Research findings revolved around the adolescent girls’ knowledge gaps related to body literacy; menstruation, the woman’s fertility cycle, contraception, sexually transmitted diseases, and sexual health; perceptions, motivators, and barriers around sex negotiation; contraceptive use; fears, desires, and aspirations about their education, vocational, and career opportunities; and identifying the influencers in their lives. Other findings focused on understanding phone availability, specifications, and usage among the adolescent girls, and product/service preferences.


The project is guided by user design principles and best practices to ensure that the intervention is designed for and with the adolescent girls, and responds to their reproductive health and family planning needs. From formative research to design to pretesting, the target audience is engaged. Co-design efforts during formative research and iterative testing conducted with the engagement of the Technology Enabled Girl Ambassador Network (TEGA) helps to guarantee adherence to those principles.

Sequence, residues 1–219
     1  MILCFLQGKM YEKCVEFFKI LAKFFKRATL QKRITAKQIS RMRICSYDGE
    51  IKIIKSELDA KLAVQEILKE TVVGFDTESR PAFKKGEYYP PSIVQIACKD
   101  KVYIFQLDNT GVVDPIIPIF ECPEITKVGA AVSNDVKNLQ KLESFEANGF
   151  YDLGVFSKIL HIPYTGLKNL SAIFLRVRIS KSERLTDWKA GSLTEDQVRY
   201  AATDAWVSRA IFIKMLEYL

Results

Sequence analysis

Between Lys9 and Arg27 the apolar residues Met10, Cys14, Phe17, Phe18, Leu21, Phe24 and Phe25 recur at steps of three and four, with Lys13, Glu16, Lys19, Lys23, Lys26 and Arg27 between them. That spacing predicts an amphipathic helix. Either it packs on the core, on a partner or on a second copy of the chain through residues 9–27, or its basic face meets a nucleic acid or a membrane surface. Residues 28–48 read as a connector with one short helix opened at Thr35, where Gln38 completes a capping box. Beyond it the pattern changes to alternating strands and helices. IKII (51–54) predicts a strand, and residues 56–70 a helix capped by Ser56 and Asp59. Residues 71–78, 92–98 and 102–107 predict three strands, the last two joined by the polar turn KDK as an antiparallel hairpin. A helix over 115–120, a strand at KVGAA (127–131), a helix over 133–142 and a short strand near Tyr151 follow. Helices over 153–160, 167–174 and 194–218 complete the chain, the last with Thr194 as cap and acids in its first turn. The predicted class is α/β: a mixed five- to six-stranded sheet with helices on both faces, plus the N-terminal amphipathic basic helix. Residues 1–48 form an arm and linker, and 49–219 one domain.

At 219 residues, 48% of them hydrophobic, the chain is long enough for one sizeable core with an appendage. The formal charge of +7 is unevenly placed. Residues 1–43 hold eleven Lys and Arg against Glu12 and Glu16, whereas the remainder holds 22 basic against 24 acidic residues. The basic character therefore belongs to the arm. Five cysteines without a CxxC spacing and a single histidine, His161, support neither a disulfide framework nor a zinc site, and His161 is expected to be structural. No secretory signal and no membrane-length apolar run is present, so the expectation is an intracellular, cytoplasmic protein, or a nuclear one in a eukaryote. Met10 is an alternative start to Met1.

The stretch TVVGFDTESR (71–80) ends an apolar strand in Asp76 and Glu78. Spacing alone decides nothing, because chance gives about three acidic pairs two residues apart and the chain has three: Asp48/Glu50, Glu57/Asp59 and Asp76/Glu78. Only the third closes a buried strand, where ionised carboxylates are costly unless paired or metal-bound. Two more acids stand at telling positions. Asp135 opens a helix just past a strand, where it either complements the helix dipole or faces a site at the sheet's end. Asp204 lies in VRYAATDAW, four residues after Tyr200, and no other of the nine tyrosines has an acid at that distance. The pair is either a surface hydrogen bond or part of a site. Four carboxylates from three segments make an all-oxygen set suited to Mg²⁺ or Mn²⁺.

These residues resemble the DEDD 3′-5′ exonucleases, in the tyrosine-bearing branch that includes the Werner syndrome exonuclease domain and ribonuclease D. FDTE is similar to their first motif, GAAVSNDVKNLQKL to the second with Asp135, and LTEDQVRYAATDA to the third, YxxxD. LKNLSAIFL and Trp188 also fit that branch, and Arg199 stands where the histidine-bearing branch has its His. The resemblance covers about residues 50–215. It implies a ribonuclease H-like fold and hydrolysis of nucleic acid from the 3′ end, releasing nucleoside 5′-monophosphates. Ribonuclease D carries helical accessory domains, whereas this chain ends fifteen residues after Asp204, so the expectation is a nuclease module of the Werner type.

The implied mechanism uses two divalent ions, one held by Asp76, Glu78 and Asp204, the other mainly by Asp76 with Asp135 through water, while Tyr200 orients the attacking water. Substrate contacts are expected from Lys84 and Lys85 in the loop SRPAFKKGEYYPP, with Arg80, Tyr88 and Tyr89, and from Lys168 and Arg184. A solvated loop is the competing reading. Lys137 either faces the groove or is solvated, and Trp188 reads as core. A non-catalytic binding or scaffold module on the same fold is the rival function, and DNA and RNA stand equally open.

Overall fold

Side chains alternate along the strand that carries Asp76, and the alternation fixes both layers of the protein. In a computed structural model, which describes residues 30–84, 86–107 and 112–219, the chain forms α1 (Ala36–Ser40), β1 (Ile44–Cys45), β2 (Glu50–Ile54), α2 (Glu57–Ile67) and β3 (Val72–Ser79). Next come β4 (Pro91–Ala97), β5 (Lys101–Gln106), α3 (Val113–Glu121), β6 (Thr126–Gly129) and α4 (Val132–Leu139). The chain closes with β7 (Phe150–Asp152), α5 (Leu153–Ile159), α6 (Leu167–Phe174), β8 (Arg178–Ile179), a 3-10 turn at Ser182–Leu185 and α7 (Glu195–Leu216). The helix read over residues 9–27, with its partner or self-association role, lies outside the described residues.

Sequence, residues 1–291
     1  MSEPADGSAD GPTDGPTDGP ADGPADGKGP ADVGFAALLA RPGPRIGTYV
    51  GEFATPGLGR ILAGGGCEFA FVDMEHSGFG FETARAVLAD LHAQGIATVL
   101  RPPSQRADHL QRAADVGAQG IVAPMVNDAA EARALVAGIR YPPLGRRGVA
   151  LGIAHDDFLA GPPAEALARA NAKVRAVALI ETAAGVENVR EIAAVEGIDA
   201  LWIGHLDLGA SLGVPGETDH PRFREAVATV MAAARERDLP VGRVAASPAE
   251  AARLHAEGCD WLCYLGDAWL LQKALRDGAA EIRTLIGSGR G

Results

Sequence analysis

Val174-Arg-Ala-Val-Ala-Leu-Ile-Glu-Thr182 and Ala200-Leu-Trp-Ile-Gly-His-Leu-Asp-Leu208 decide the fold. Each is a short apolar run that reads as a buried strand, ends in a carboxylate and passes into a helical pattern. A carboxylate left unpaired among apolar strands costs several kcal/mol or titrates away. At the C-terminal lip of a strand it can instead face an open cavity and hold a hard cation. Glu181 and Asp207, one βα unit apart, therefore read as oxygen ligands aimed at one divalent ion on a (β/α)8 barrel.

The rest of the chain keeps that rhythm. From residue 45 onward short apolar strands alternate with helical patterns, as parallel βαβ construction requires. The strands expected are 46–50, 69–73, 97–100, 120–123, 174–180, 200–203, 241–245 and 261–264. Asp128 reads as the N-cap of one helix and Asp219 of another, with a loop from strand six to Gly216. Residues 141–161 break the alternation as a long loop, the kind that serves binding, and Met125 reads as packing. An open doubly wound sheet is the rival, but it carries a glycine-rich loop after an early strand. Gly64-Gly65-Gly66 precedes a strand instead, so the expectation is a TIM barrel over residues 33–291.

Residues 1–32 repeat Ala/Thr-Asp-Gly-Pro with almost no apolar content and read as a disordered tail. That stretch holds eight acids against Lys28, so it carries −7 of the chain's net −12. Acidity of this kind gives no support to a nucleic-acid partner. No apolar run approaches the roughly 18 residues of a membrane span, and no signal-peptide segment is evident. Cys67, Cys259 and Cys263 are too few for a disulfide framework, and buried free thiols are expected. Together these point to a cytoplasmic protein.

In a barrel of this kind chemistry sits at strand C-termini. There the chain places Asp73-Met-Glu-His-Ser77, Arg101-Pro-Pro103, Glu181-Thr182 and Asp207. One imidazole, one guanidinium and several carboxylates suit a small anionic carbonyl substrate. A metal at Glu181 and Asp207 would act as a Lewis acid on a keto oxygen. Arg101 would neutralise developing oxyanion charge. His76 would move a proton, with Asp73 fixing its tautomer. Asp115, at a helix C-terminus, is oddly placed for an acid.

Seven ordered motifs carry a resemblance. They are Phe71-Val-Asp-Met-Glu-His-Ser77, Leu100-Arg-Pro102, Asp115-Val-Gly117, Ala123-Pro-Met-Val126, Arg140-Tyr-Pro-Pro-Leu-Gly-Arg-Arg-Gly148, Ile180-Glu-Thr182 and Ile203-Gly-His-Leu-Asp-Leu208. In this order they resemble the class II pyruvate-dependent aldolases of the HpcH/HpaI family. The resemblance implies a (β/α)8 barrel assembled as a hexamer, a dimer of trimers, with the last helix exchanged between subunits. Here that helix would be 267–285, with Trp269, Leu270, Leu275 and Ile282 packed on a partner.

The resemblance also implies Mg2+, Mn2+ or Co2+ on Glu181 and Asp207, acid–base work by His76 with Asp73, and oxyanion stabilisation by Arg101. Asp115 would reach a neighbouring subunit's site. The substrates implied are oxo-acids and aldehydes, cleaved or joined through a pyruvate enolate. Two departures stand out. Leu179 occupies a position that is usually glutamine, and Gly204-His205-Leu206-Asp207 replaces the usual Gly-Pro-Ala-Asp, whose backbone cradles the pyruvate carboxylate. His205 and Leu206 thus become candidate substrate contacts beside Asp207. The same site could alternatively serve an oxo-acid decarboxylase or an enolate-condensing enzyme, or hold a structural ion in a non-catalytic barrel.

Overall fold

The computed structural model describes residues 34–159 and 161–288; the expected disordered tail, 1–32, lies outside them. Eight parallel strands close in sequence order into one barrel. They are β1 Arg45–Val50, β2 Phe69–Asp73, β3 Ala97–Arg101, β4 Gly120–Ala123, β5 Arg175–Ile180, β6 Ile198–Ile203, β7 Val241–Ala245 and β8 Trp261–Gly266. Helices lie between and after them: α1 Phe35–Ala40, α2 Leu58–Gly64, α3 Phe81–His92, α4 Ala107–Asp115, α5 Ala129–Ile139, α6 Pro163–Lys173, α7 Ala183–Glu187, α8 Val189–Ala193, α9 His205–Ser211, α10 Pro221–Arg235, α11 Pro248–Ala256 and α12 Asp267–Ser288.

Other considerations for game design entail a combination of the excitement of an interactive video game with the critical instruction that supports the project’s reproductive health and family planning aims and linkages to essential health products and services in real time.


  • Kapp, Karl M. (2012). The gamification of learning and instruction: game-based methods and strategies for training and education. San Francisco, CA: Pfeiffer
  • Prensky, M. (2007). Digital game-based learning. New York, NY: McGraw-Hill.